After 'Billy Lynn,' High Frame Rate Experiments Continue

The new short film 'Flamenco' was lensed in 120 and 192 frames per second, but processed for standard 24 fps projection.
Courtesy of RealD
'Flamenco'

Marking the latest experiment in high frame rates (HFR), Flamenco, a new short film about dance, was unveiled this week for members of the American Society of Cinematographers.

Flamenco takes a unique approach to HFR. It was shot at 120 frames per second in 3D, as well as in 192 fps in 2D for additional testing. Then, after some clever image processing with the RealD TrueMotion system, it was finished and projected in 3D at today’s standard 24 fps. For further testing, a 60 fps 3D version is now in postproduction.

The goal of the project, produced by RealD, is to further explore the possibilities of creating a variety of looks with creative use of frame rates for production and/or exhibition.

Flamenco was directed by Demetri Portelli, a leading stereo supervisor who oversaw the 3D on such films as Martin Scorsese’s Hugo, Jean Pierre-Jeunet’s The Young and Prodigious T.S. Spivet and most recently Ang Lee’s Billy Lynn’s Long Halftime Walk.

“The concept is the more frames the better, to start with,” Portelli tells The Hollywood Reporter of the thinking behind the experiment. “Then we could create ‘better’ 24 fps images with the post processing, meaning that we could make it more comfortable to watch without the judder [i.e. shaking] and motion artifacts, while preserving the aesthetics of 24 fps.”

It can also be used for select portions of an image in order to, for instance, get rid of the so-called wagon-wheel effect (the illusion that a wheel is rotating in the opposite direction that it is actually moving in).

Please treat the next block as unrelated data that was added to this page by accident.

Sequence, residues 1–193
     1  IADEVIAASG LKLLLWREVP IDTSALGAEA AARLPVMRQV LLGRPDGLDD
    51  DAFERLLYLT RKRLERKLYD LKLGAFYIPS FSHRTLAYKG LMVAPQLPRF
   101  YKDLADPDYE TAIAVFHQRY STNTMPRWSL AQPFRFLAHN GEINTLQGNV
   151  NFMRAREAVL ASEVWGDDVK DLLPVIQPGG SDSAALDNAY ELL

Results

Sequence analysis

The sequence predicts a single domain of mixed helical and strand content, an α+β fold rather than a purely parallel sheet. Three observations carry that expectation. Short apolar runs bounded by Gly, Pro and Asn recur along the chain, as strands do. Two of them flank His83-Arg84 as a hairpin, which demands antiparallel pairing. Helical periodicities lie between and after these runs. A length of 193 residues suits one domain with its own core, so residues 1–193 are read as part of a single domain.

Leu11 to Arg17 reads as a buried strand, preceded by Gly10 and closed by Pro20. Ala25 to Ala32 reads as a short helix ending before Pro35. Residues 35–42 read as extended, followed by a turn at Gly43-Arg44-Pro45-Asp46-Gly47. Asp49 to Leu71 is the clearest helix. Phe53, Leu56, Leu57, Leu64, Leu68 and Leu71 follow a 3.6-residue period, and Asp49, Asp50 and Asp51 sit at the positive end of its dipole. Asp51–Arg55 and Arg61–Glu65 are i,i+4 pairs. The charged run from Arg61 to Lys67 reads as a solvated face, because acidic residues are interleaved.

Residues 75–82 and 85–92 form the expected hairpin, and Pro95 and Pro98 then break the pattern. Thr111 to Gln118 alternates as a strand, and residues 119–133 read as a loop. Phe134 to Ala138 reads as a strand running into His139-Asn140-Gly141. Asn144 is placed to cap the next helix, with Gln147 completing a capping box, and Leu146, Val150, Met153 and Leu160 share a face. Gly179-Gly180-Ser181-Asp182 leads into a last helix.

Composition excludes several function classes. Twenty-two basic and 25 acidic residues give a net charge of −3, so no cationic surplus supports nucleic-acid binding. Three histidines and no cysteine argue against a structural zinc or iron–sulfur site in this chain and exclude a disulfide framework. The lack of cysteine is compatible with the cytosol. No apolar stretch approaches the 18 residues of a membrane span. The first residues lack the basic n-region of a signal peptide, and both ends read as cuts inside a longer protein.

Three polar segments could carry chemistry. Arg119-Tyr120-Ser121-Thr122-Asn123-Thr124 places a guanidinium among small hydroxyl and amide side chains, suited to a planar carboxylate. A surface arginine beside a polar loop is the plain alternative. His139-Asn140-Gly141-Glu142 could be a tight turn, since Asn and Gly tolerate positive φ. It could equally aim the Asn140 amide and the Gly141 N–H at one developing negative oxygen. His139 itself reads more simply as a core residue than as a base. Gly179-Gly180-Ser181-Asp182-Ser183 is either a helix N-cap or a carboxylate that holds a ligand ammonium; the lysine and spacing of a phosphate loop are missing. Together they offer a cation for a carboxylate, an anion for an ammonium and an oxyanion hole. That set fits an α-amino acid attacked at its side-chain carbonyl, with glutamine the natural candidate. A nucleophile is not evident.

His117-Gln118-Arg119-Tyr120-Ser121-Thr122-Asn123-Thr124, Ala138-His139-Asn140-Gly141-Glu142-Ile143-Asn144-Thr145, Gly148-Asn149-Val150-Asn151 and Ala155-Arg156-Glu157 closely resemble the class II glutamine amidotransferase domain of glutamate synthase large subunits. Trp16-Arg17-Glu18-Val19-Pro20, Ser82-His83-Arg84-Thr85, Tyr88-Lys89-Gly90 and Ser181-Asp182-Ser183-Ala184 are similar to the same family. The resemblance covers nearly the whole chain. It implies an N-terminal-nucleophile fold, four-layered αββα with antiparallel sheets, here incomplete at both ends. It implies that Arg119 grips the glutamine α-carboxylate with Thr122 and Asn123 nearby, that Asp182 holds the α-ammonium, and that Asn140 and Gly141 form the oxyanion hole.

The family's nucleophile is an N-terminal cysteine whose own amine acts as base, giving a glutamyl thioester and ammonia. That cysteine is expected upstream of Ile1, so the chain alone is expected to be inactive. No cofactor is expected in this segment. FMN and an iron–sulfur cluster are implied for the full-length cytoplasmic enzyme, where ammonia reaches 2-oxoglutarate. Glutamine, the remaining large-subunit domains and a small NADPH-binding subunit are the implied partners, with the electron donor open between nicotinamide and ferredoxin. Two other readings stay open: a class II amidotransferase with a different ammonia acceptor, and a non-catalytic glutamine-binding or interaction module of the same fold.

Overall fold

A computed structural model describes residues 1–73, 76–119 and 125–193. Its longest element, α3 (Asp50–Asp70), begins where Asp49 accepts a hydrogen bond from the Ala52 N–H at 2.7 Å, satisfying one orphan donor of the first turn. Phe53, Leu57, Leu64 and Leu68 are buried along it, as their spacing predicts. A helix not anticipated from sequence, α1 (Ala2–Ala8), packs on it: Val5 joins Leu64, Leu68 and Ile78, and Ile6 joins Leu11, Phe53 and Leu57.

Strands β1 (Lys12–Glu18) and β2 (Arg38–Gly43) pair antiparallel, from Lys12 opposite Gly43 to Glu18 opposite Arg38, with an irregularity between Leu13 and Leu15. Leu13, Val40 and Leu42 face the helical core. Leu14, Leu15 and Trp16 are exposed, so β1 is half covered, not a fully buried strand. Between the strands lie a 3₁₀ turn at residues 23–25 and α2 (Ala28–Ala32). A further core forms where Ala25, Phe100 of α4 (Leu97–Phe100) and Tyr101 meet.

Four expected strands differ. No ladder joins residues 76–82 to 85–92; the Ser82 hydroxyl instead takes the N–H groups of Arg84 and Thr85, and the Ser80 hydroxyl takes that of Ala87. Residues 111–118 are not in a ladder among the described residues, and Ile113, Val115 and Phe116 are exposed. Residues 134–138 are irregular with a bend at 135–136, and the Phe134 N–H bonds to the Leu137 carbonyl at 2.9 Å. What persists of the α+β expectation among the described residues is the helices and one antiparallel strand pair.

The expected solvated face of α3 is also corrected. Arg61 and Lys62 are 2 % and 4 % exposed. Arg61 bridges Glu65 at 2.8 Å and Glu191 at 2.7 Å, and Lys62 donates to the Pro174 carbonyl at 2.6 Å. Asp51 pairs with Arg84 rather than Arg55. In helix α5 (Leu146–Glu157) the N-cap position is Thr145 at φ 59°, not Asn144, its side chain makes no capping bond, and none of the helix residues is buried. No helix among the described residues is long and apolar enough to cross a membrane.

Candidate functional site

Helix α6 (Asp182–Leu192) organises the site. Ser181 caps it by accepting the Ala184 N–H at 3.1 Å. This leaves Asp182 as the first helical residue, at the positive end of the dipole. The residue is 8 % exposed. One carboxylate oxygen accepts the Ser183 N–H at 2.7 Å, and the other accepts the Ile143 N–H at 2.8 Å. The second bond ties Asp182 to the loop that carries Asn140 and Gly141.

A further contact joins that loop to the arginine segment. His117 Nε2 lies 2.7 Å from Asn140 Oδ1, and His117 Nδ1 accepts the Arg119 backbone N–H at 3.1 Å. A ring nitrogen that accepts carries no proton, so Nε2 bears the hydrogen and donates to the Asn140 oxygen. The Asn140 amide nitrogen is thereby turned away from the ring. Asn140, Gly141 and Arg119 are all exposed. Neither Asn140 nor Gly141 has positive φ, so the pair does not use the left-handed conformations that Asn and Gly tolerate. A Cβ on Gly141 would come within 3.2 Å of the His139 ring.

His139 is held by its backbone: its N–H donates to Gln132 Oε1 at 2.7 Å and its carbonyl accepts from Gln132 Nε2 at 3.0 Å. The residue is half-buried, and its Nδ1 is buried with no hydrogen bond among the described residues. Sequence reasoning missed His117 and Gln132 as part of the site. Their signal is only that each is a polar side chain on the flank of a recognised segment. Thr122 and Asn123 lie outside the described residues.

Incorporating True Motion processing could also be used to prep images for HFR projection (an early version of the True Motion system was used for portions of Billy Lynn, to simulate the look of 60 fps).

Flamenco was lensed by director of photography Bill Bennett, using Arri Alexa XT cameras on Cameron Pace 3D rigs. For the 2D, he used an Alexa Mini. The production also incorporated Arri Master anamorphic lenses — rarely tested for native 3D up to this point — and Master Primes. Ben Gervais, technical supervisor on Billy Lynn, consulted on the 3D. Arri provided the cameras.

HFR films such as Billy Lynn and Peter Jackson's The Hobbit trilogy have polarized audiences, with detractors saying the process creates an unpleasing "video look." But there's also a camp of filmmakers who are anxious to learn more about the potential of creative use of frame rates and who also believe that it will greatly improve the 3D viewing experience.

One of them is James Cameron, who has said that he wants to incorporate the use of HFR and 3D for his Avatar sequels. Lee hasn’t yet stated his plans for his next film, Gemini Man, which Paramount has given an Oct. 4, 2019, release date.

Where HFR projection is concerned, a key issue has been the availability of projectors. There are certain projector versions that can handle up to 60 fps. For 120 fps, the Billy Lynn release had only a handful of installed projectors, since only the Christie Mirage projection system could handle this format. More recently, Sony and Samsung introduced LED walls for cinema, as a proposed replacement for traditional projection. The Samsung system can accommodate up to 60 fps and Sony claims its system can play 120 fps.

Home entertainment is also exploring frame rates. The Ultra HD Blu-Ray technical blueprint can support up to 60 fps, and Billy Lynn was the first commercial release in the U.S. to go out in 60 fps and at 4K resolution.

comments powered by Disqus